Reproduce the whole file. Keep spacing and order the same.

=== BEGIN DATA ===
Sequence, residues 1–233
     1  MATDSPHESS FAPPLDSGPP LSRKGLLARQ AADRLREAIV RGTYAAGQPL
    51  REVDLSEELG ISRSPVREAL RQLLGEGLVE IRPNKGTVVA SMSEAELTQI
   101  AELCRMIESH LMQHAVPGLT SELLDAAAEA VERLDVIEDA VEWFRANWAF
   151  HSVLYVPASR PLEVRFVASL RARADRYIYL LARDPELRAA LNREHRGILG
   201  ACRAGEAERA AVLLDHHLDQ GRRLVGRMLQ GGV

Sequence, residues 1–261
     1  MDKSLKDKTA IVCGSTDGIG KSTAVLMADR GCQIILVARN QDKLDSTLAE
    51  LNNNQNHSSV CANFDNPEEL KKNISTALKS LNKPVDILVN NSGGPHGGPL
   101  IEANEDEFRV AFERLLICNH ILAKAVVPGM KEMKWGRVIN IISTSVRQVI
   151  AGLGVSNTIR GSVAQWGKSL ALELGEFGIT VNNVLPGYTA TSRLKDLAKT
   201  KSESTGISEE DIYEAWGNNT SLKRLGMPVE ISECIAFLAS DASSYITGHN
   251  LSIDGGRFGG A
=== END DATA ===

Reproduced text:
Sequence, residues 1–233
     1  MATDSPHESS FAPPLDSGPP LSRKGLLARQ AADRLREAIV RGTYAAGQPL
    51  REVDLSEELG ISRSPVREAL RQLLGEGLVE IRPNKGTVVA SMSEAELTQI
   101  AELCRMIESH LMQHAVPGLT SELLDAAAEA VERLDVIEDA VEWFRANWAF
   151  HSVLYVPASR PLEVRFVASL RARADRYIYL LARDPELRAA LNREHRGILG
   201  ACRAGEAERA AVLLDHHLDQ GRRLVGRMLQ GGV

Sequence, residues 1–261
     1  MDKSLKDKTA IVCGSTDGIG KSTAVLMADR GCQIILVARN QDKLDSTLAE
    51  LNNNQNHSSV CANFDNPEEL KKNISTALKS LNKPVDILVN NSGGPHGGPL
   101  IEANEDEFRV AFERLLICNH ILAKAVVPGM KEMKWGRVIN IISTSVRQVI
   151  AGLGVSNTIR GSVAQWGKSL ALELGEFGIT VNNVLPGYTA TSRLKDLAKT
   201  KSESTGISEE DIYEAWGNNT SLKRLGMPVE ISECIAFLAS DASSYITGHN
   251  LSIDGGRFGG A